Review: Crush Your Enemies (Nintendo Switch)

8 mins read

Review by Matt S. 

Crush Your Enemies is yet another effort at giving the Nintendo Switch a simplified “casual” strategy experience, just in case the recently-released Mushroom Wars 2 and Element weren’t enough for you. Wrapped up in a blanket of juvenile humour, Crush Your Enemies is passingly fun, but not really strategic enough for its own good.

Each battle plays out over a small area, which is broken up into little squares and superficially looks like something you’d expect to see in a Fire Emblem title. Unlike that series, however, Crush Your Enemies plays out in real time. Each town you occupy constantly generates new soldiers, and you can send them to other structures under your possession to upgrade them, and make them more powerful.

There’s actually a little bit of strategy involved in managing your troops. The more troops you have occupying a town, the quicker they’ll generate additional soldiers, so there’s always a tension between sending soldiers out to attack enemies and capture new land, and leaving enough troops at home that the production of reinforcements slows to a crawl. Manage your soldiers well, and it’s actually possible to win from a numerically inferior positions, which I always consider to be an important characteristic of a good strategy game.

The other core element of the strategy is the way that territory works. Your soldiers can’t cross territory owned by an opponent, and vice versa. Instead, each time your soldiers walk onto a piece of territory owned by an opponent, they’ll start to capture it, with capturing sped up by having more soldiers in the group. By exploiting this, you’ll be able to protect key buildings and areas, by sending reinforcements to attack enemy groups as they’re slowed up trying to capture a path through your territory.

Battles are fast and the strategic thinking involved quick; a single mistake is generally enough to end the game, and those mistakes can happen often enough in the first hour or so, as the interface isn’t quite as clean and intuitive as it should have been. Especially when using buttons. Still, that’s an issue that you’ll overcome quickly, and otherwise the simple, clean pixel art makes it easy to follow the action.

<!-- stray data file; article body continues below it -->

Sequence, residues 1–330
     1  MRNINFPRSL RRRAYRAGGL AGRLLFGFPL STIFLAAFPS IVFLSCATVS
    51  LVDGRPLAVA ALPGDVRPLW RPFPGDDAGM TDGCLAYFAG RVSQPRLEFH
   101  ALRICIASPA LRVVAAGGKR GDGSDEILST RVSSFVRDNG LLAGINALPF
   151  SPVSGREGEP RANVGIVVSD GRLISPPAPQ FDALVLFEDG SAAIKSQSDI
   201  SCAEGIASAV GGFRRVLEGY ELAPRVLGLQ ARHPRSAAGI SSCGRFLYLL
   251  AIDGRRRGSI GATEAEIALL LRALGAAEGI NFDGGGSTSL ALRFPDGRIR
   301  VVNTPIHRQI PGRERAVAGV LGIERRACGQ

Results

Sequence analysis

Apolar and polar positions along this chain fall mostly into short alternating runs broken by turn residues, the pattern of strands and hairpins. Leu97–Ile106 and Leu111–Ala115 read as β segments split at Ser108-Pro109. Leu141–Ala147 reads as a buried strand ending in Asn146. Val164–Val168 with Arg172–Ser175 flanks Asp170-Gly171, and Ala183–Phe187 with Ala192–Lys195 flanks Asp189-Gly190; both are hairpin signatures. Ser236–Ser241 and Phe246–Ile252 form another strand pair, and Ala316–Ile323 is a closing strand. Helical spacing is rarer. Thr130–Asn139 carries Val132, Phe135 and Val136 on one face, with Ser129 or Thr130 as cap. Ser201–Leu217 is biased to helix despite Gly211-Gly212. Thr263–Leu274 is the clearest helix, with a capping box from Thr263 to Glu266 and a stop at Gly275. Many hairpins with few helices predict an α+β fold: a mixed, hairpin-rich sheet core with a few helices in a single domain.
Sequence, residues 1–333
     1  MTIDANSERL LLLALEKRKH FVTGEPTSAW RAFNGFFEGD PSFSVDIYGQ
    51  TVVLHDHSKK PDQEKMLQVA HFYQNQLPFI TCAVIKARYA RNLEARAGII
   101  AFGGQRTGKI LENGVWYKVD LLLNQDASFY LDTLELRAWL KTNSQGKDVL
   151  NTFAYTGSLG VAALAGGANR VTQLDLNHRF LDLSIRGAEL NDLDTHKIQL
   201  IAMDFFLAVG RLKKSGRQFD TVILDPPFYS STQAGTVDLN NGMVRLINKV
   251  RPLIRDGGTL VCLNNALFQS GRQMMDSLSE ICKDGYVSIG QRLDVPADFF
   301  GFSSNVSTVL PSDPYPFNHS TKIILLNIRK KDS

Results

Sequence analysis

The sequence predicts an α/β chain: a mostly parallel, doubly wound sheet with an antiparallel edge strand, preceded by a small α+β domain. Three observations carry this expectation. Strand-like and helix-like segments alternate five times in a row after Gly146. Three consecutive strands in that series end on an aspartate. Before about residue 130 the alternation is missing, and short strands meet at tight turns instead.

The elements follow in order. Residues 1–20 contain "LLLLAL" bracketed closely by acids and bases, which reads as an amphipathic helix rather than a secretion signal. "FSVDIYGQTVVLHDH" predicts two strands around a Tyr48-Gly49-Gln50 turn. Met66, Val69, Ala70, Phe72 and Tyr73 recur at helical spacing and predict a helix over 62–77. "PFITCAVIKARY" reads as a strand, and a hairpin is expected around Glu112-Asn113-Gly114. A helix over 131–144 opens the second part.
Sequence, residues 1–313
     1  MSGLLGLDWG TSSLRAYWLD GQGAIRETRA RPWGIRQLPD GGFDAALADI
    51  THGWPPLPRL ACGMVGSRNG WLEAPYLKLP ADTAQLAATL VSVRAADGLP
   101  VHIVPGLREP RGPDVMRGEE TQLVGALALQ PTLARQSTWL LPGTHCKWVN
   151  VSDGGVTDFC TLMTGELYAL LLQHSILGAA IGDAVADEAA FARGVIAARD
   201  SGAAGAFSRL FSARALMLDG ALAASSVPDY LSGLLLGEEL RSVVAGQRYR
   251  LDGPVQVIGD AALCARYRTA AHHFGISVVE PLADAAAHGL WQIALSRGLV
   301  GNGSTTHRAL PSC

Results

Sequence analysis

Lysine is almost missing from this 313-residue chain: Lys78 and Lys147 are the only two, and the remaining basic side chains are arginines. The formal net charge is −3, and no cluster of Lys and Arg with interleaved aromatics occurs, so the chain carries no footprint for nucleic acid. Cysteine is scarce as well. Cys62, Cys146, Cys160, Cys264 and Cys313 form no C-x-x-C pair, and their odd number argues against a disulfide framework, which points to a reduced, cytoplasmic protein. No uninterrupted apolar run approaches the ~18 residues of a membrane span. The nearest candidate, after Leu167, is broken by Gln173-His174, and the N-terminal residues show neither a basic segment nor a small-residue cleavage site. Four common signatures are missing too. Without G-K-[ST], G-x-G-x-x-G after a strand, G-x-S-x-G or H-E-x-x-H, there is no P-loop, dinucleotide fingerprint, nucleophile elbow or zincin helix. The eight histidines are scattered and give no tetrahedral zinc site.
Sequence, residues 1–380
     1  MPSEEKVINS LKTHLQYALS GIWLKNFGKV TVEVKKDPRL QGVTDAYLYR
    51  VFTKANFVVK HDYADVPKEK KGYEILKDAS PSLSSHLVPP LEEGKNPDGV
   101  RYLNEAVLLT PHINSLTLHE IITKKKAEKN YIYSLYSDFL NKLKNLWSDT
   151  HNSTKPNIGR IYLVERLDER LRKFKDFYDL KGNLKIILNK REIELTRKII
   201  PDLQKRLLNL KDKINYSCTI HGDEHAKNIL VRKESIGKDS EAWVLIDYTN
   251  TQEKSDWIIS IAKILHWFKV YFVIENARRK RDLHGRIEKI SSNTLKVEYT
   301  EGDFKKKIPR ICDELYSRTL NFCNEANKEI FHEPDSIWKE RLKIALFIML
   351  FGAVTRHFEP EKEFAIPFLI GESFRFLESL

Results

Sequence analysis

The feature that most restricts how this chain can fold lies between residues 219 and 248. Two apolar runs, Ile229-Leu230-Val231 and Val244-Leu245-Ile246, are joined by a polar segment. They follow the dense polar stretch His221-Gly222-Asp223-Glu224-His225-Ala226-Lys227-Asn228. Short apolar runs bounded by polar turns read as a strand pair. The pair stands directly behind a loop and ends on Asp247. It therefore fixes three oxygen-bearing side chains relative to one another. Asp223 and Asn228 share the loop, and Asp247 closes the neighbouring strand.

What’s unfortunate about Crush Your Enemies is the way the levels themselves are designed. A good strategy game aims for openness; whatever challenge you face, there will be three or four different ways to approach it, and your personal idea of strategy will determine the approach that you end up taking. Sadly, Crush Your Enemies has been designed almost as a puzzle game, which each level having a very clearly defined approach to completion. The goal is simply to figure out what the level wants you to do, and then to do it.

Crush Your Enemies isn’t the first strategy game to feel stifling in this way, but the small size of the levels, and the ability for the AI to absolutely steamroll your forces if you try anything else makes it more pronounced here. In fact, the predictability of the AI is perhaps the game’s greatest flaw, since winning even the toughest missions is more a matter of being able to game that AI than careful strategic consideration on your part.

At times where you find yourself getting really stuck, it’s possible to purchase items that can be used to do things such as give troops a boost in attack power, boost numbers, and set up decoys. These are purchased with beer, which is earned from each successful mission. It introduces an element of resource management to Crush Your Enemies, and links battles together nicely; there’s a sense of campaign continuity to using resources earned from one battle to make the next, more difficult battle easier. Sadly, even those boosts aren’t going to be enough to compensate for trying to approach a level in a way that it hasn’t been designed around.

The best moments of Crush Your Enemies is when you can get some multiplayer going, because those maps do give you a little more freedom, and your opponent, being human, might try things outside of the easily predicted. Sadly, I have yet to get a multiplayer game going, despite it being a new release, and this is a stark contrast to Mushroom Wars 2, where I’ve been able to play dozens of matches, and get a game going instantly from the moment I first played it. On the plus side for Crush Your Enemies, the humour and general lightness of the art makes for an easy, and fun, little strategy game for local multiplayer sessions, and the Nintendo Switch screen is perfect for this on the go.

The humour is nothing that you haven’t seen before, however. Coming from the developer of the Insult Simulator titles, I expected a little more creativity in the puns, but when the first hour or so of the game is poking fun at the foppish English noble or the delinquent and perennially drunk son of a viking, it’s hard to care much about the game moving on from that. There are a lot of campaigns and therefore stories in Crush Your Enemies, but I found myself actually skipping the dialogue that bookended levels… and I almost never skip the “story bits” in games. Humour is tough and an audience’s response to it subjective, I get it, but I didn’t laugh once with this one.

There’s nothing inherently wrong with Crush Your Enemies. It’s presented nicely, has some nice, clean mechanics and is cleverly designed to be playable in short bursts of time. But it’s also a strategy game that struggles to encourage players to be strategic, and its best feature, the multiplayer, is dead on release. A complete misfire in making the humour relient on stereotypes that grew old a thousand comedic games ago also doesn’t help in giving Crush Your Enemies anything but a brief moment of forgettable fun.

– Matt S. 
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